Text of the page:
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The education of a child between the ages of six and twelve is built upon the foundation that has been created in the primary environment. Dr. Montessori, however, observed that the needs of these children differed from those of the primary children. Children of this age are driven to understand the universe and their place in it. Elementary children have seemingly endless energy for exploration and research. They conduct their work with great joy and purpose.


An elementary classroom must accommodate the unique characteristics of these children. The strongest of which is the development of the reasoning mind. There is a powerful drive in the elementary child to know the reasons of things. Their questions often begin with “why” and “how”. They are drawn to ideas, and enjoy discussions where ideas and logical trains of thought are explored. They exhibit a boundless capacity for intellectual stimulation because of their motivation to learn and their desire to see the relationships between fields of study. Dr. Montessori observed that this is the greatest period of intellectual development.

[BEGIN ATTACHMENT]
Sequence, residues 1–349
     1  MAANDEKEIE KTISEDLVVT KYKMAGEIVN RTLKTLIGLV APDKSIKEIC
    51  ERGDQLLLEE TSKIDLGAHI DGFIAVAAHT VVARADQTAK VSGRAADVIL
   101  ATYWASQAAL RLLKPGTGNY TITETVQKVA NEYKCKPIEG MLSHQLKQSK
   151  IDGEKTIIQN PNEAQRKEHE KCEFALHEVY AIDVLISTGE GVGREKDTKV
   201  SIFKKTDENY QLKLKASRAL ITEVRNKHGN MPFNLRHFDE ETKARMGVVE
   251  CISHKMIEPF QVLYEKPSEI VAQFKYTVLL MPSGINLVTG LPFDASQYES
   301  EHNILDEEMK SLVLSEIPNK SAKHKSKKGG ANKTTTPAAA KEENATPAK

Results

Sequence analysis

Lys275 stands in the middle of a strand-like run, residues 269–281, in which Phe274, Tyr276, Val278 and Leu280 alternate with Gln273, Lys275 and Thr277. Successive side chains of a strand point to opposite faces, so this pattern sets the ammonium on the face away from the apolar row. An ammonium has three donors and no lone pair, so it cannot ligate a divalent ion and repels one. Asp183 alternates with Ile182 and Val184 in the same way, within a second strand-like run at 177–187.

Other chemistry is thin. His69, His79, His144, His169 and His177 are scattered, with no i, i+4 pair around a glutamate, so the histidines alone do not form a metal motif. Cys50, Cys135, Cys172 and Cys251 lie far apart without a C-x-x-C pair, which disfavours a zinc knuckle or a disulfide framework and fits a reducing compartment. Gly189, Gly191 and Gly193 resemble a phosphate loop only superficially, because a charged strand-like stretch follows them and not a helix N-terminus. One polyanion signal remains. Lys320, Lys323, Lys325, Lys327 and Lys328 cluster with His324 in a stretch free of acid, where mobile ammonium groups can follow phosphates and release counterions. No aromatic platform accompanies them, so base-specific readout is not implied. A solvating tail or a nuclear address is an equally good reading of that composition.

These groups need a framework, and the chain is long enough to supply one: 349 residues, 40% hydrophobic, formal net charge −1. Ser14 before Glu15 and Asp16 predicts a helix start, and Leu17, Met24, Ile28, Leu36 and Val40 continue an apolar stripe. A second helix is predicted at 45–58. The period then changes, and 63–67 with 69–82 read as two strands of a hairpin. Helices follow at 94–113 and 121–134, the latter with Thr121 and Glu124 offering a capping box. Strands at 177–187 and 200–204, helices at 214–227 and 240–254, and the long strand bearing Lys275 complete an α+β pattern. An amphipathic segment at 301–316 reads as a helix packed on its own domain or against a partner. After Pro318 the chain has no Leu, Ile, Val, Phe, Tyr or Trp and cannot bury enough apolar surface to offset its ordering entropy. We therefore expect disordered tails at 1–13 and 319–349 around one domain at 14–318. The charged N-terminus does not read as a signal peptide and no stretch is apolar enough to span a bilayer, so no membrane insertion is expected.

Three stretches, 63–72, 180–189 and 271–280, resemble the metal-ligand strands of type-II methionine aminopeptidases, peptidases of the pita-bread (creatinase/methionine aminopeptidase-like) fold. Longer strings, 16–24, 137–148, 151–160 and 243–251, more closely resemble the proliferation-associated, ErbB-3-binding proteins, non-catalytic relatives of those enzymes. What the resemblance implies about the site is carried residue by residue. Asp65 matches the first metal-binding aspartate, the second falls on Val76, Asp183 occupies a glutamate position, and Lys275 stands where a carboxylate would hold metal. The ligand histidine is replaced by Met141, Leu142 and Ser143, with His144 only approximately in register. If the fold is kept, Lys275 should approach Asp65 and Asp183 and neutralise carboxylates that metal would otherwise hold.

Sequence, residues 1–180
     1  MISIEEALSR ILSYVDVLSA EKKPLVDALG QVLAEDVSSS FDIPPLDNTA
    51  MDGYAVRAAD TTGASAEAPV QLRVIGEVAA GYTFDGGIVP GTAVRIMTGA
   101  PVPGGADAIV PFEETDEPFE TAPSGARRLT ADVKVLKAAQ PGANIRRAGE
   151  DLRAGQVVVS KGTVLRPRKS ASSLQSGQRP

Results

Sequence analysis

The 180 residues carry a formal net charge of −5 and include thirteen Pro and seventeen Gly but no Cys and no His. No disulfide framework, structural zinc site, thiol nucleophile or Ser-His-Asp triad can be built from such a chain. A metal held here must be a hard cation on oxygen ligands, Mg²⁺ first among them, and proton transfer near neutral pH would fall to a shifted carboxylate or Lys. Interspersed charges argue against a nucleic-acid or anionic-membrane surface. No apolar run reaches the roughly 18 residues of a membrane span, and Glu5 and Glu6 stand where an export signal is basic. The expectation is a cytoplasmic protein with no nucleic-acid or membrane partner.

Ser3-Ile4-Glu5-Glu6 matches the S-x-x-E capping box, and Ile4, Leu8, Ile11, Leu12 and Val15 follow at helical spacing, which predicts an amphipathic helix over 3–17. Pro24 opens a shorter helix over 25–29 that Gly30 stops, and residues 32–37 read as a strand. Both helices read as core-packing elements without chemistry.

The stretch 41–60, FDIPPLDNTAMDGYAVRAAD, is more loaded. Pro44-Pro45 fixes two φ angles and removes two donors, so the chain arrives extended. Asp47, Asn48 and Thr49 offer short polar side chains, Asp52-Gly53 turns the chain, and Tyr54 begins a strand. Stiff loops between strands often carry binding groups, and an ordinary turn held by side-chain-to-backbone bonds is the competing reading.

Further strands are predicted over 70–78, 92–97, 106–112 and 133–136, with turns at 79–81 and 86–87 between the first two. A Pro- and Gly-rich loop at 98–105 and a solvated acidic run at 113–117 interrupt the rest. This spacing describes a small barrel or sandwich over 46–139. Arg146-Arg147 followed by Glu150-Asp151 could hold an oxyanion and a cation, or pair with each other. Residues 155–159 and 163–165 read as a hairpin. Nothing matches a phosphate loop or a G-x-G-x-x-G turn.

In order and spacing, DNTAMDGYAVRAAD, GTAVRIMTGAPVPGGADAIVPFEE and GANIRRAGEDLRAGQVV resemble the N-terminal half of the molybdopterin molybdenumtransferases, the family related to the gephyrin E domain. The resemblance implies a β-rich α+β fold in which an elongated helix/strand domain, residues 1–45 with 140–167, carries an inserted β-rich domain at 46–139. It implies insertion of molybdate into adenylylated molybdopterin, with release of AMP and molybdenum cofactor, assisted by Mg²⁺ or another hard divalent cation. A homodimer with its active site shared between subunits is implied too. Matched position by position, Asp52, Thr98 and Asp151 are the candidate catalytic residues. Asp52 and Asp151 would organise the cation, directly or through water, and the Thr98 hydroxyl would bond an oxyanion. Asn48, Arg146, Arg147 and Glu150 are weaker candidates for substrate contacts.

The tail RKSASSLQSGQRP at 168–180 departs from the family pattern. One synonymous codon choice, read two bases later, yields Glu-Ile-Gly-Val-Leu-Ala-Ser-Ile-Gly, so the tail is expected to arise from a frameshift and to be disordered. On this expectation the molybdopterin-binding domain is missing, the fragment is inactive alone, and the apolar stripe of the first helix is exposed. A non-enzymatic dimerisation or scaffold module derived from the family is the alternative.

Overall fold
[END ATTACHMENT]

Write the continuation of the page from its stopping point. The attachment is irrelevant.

The child of this age is also highly social, expressing a strong desire to be with friends. In the elementary class, because the child is driven to connect to the social group, all lessons are given to groups of children. This need is supported by the Montessori philosophy, which encourages children to work collaboratively with their peers after the lessons. Lessons are given to small groups of children with the goal of sparking their imaginations and engaging their intellects.

The elementary years also begin a period of moral development. Associated with the sense of justice and morality, is a great sense of honesty. Children want to understand for themselves and use their own judgment. The child has a strong sense of justice. He wants to know not only, “what are the rules of the game?” but more importantly, he wants to know, “why are these rules the rules of the game?”

Montessori education aims to serve the development of the whole child. The goal is to support the intellectual, emotional, social, and physical development of each child. Elementary studies include geography, botany, zoology, history, language, mathematics, science, music, and art. Further exploration of studies in each area is encouraged through student-planned and student-led small group excursions outside the classroom to community resources such as the library, planetarium, botanical garden, science center,
factory, hospital, and such.


The inclusive approach to education that Montessori provides fosters a feeling of connectedness to all humanity and encourages children to make contributions to their world. Graduates of the elementary program are well-rounded, confident, responsible, joyful learners who are balanced in physical, intellectual, and social achievements.


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